Would you mind?

Not at all.

My girl's not the kind to be seen In a chic magazine That's plain to see No starlet's sunglasses or gowns She works across town In a factory Some plain furnished rooms are our home We live there alone She and I A warehouse and rooftops below From our little window Meet the eye Vacations we spend close at hand The Riviera's too grand For our pay Loved ones are distant and few I've a godmother who Lives far away But my girl, though just 25 ls the sweetest that I've Ever seen No saint in any church you could find ls as sweet or as kind At least to me When the town dozes off in the blaze Of the sun's summer rays Burning bright With my baby girl wrapped in my arms I drink in her charms And hold her tight We whisper our thoughts, she and I As light fades from the sky Up above In the secrecy of our four walls As night slowly falls We make love

ls she a lady or a tramp?

Insult her. if she's a tramp, she'll get angry.

If she smiles, she's a lady.


A hot toddy.

We'll find out.

You're a friend of Yvette's?

That's right.

I know you very well.

You're lying. I saw you three months ago.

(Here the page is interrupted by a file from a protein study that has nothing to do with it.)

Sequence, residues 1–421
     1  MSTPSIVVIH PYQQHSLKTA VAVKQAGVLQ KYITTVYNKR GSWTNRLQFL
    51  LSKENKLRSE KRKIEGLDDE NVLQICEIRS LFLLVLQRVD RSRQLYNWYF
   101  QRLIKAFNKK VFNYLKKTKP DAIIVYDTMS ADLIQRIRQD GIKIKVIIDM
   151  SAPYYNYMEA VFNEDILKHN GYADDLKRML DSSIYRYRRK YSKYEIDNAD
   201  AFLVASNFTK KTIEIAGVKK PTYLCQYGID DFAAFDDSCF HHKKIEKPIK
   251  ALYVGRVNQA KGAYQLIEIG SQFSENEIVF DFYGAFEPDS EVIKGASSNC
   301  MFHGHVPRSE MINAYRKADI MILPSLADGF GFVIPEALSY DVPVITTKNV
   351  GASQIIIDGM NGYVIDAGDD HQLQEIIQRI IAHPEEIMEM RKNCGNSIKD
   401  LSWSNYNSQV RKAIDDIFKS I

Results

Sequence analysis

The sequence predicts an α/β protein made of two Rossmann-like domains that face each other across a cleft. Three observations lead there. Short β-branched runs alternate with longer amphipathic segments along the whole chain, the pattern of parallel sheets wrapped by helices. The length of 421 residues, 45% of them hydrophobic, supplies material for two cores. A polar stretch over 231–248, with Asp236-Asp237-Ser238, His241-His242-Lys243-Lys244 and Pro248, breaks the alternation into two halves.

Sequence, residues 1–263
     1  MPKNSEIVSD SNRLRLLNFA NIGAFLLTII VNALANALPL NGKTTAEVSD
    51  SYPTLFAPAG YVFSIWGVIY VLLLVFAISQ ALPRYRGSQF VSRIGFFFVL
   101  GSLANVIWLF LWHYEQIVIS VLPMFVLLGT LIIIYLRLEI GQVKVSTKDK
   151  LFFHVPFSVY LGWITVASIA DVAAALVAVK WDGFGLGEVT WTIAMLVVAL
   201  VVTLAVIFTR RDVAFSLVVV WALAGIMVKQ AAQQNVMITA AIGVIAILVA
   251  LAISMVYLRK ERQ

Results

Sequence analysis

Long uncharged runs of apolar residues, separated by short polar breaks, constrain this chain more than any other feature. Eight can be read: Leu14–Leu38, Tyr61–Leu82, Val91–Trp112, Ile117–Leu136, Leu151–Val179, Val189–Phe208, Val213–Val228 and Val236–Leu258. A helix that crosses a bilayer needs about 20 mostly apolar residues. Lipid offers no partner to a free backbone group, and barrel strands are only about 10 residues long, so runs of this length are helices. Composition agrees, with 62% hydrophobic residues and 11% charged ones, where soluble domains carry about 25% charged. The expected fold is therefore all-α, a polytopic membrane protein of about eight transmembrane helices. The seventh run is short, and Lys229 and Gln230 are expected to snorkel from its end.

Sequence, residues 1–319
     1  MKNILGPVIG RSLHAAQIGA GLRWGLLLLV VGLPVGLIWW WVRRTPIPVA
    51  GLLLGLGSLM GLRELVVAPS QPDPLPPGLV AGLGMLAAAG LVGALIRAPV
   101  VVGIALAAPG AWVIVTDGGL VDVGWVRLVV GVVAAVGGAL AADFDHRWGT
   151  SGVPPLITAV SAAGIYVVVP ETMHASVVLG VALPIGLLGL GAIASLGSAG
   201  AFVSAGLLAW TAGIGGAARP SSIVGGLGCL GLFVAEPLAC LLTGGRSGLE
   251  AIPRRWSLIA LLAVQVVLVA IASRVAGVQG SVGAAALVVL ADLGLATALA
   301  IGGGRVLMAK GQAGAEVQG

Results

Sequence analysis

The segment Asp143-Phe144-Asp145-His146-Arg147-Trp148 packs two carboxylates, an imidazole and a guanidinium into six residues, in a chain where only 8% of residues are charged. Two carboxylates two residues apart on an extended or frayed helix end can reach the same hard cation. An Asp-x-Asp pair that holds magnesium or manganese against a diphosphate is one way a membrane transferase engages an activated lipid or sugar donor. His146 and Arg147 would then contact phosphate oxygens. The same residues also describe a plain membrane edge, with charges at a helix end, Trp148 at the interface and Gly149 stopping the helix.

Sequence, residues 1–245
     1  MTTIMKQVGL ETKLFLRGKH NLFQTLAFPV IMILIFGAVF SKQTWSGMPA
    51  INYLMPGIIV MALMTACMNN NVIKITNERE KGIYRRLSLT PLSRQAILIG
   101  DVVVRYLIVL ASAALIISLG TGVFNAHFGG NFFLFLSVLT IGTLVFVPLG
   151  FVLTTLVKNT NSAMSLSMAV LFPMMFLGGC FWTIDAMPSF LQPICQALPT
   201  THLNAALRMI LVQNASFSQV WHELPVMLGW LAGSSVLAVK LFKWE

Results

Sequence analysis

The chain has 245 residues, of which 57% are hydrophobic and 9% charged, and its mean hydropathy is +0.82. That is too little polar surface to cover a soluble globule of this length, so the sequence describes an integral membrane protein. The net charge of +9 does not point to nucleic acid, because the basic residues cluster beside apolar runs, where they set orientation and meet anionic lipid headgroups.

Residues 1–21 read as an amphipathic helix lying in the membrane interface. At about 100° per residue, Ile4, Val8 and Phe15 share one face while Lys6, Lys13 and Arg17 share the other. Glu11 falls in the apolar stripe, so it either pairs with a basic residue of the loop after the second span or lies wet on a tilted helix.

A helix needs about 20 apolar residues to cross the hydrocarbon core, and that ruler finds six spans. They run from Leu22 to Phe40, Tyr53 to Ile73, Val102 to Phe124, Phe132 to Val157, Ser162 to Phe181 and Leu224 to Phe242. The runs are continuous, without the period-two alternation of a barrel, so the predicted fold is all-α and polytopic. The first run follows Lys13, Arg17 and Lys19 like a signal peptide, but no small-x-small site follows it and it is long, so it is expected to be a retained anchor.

You're lying.

A guy was showing you pictures on Boulevard Saint-Germain.

That's true.

Then why did you deny it? You say any old nonsense.

You're pathetic.

Why do you look at me like that?

You look stupid, and your hair looks awful.

Wait here. I need to talk to you.

You okay?

My eyes!


Dear Madame, a friend who worked for you gave me your address.

I would like to come and work for you.

I am 22 years old.

I think I am pretty.

My height is...


I have short hair...

but it grows very quickly.

Enclosed is a picture and...

Oh, it's you.

The classic letter.

Yes, it's me.

How did you know I was here?

I followed you.

I was in my car, and I saw you come in here.

You've got some nerve.

No, you're very beautiful.